BJ’s Restaurants Inc. is working to drive sales and profit by reducing the size of its menu and beefing up value offerings, the company said Thursday.

The Huntington Beach, Calif.-based casual-dining operator saw same-store sales drop 2.2 percent for the third quarter ended Oct. 1, the first negative quarter since the end of 2009, and traffic decline 4 percent. The results followed negative sales patterns seen across the casual-dining segment.

The chain is working to drive sales by creating “quality capacity” in restaurants and making tweaks to both the front of the house and the kitchen, BJ’s president and chief executive Greg Trojan said in a call with analysts.


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“We need to be able to serve more guests more quickly and add an even better quality level than we are today,” Trojan said.

In recent years, the chain has expanded the number of menu items it offers, but that has hampered kitchen production, he said. Now it is looking to decrease the complexity of the menu and upgrade quality overall.

Streamlined menu to emphasize quality, value

The menu to roll out in November will have 24 fewer items, and will include more than 50 changes designed to speed throughput and improve quality, Trojan said.

Menu development efforts are focused on adding more “middle-of-the-menu” items under $10, with smaller portions and fewer calories but bolder, on-trend flavors. For example, a new BJ’s Brewhouse Burger line will debut, though details were not revealed. The company is also reworking its turkey burger, which has 1,700 calories.

“We think somebody ordering a turkey burger is not expecting a 1,700-calorie experience,” Trojan said.

The chain will debut more menu changes in February, included a redesign of the menu format.

Other tweaks will be minor. Onions will be cut fewer times in kitchen prep, and the chain will return to serving deep-dish pizzas in the pan, because placing the item on a plate slowed service. The company will also begin testing mobile ordering this month to speed service.

Speed was not necessarily a problem at BJ’s, said Trojan, but casual-dining is losing market share to the fast-casual segment in part because guests are pressed for time, particularly at lunch.

BJ’s, which ended the quarter with 143 restaurants, expects to open 17 to 19 new units in 2014, most of which will be small-format restaurants with more efficient kitchens.

Guest satisfaction metrics have risen for the third quarter and for the year. The company is managing food costs well and labor productivity has remained flat, despite negative traffic trends, “something that’s very difficult to do,” he said.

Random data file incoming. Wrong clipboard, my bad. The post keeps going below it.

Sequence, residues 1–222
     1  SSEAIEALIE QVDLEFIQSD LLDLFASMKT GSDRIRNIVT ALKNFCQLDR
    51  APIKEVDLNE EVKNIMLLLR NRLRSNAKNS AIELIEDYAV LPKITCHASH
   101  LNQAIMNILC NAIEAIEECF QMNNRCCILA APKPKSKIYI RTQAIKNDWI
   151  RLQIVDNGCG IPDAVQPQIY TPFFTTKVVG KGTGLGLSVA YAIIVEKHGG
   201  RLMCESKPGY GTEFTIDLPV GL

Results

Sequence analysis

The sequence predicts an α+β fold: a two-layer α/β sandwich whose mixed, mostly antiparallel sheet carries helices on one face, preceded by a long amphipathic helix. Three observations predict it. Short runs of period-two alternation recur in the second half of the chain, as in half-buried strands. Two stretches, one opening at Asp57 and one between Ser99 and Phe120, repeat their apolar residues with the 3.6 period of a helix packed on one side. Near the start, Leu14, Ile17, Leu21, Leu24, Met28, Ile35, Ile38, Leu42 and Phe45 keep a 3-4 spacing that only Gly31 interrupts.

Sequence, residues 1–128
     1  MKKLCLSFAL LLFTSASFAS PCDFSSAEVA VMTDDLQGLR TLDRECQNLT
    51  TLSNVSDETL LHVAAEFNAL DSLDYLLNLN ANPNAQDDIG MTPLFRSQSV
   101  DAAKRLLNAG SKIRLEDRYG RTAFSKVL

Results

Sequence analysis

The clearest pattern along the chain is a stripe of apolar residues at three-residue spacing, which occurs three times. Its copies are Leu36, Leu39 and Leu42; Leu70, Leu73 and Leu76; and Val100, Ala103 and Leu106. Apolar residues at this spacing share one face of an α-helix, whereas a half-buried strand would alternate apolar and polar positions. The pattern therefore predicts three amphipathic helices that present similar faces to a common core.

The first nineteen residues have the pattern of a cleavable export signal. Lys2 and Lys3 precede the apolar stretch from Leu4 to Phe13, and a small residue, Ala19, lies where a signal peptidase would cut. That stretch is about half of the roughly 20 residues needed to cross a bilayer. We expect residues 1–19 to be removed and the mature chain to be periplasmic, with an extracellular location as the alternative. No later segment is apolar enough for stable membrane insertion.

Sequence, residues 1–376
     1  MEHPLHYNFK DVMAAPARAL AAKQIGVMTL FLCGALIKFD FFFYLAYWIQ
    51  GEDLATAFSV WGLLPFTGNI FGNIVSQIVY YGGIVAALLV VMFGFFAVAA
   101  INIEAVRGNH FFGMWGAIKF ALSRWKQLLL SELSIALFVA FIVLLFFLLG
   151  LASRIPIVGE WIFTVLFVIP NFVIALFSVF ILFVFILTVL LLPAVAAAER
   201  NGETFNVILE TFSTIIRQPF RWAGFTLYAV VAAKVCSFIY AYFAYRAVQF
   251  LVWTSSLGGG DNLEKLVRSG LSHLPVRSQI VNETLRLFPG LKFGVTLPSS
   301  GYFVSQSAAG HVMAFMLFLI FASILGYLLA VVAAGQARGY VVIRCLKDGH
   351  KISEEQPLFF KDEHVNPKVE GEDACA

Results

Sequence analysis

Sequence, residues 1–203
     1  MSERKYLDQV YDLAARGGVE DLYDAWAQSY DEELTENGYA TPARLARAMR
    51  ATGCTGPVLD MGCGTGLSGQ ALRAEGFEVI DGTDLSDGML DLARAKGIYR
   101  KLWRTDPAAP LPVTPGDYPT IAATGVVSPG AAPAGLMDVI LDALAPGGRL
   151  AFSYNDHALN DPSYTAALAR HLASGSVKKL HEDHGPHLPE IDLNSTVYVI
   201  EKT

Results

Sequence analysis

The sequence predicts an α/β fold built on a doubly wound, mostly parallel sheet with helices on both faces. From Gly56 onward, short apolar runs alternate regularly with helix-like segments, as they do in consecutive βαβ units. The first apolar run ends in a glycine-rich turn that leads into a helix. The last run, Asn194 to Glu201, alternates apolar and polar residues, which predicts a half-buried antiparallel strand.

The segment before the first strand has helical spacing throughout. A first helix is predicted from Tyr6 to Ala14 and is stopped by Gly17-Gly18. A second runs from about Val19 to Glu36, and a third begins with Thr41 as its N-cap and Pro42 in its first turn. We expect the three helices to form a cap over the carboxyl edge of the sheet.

The concept itself is not at fault, said Trojan, pointing to surveys that indicate BJ’s sales per square foot are No. 2 among established casual-dining chains.

Analysts mixed on future performance

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BJ’s chief financial officer, principal accounting officer and executive vice president and secretary Greg Levin said the chain’s same-store sales decline was the result of a roughly 2-percent benefit from menu pricing that was offset by a decrease in guest traffic.

Cannibalization from some new BJ’s restaurants also impacted same-store sales, particularly in the core market of California, he said. New restaurants are opening strong, but sales tend to flatten in time, which is typical.

August was the softest month of the quarter, but Levin said same-store sales trends showed signs of improvement in recent weeks.

For the first three weeks of October, same-store sales decreased a modest 0.5 percent or so, with less menu pricing, said Levin. Traffic during those weeks has also improved by about 2 percent over the third quarter.

Levin said the casual-dining segment in general is expected to remain challenged through at least the end of the year, and likely into 2014.

Sales for the casual-dining segment have dropped 7 percent over the past five years, according to Knapp-Track data, but BJ’s same-store sales have grown 15 percent during that time, Trojan said. BJ’s has also grown average unit volumes from $5.2 million to $5.8 million.

BJ’s for years has stood out in the casual-dining sector as a brand that ran contrary to industry trends until late in fiscal 2012, when company officials began to warn of choppiness and consumer pull-back on dining out. Former chief executive Jerry Deitchle retired in February, and incoming CEO Greg Trojan inherited a brand that needed to refine its positioning to drive traffic.

“While we are disappointed that our comparable restaurant sales are softer than we would like, I am confident that we are not only working on the right things to restore momentum, we have made good progress on the building blocks it will take to set in motion another sustained period of larger sales premiums to the industry,” said Trojan. “We will continue to play offense, and, at the end of the day, we’re not revolutionizing anything here in this concept, but improving on the basic formula that has worked so well.”

In a report Friday, Wall Street analysts had a mixed view of improvement plans.

Christopher O’Cull of KeyBanc Capital Markets Inc. advised investors to remain cautious about BJ’s, saying, “We are not confident the issues causing BJ’s declining guest counts are well understood or that the company’s sales-building plans (e.g. television advertising) will result in sustainable improvements.”

Anton Brenner of Roth Capital Partners had a different view, saying company-specific issues, in addition to macro factors, were contributing to sluggish results, though he lowered expectations for the fourth quarter.

“We expect that strategies now being implemented will help drive sales and improve profitability, while double-digit store expansion is sustained,” Brenner wrote.

Contact Lisa Jennings at lisa.jennings@penton.com.
Follow her on Twitter: @livetodineout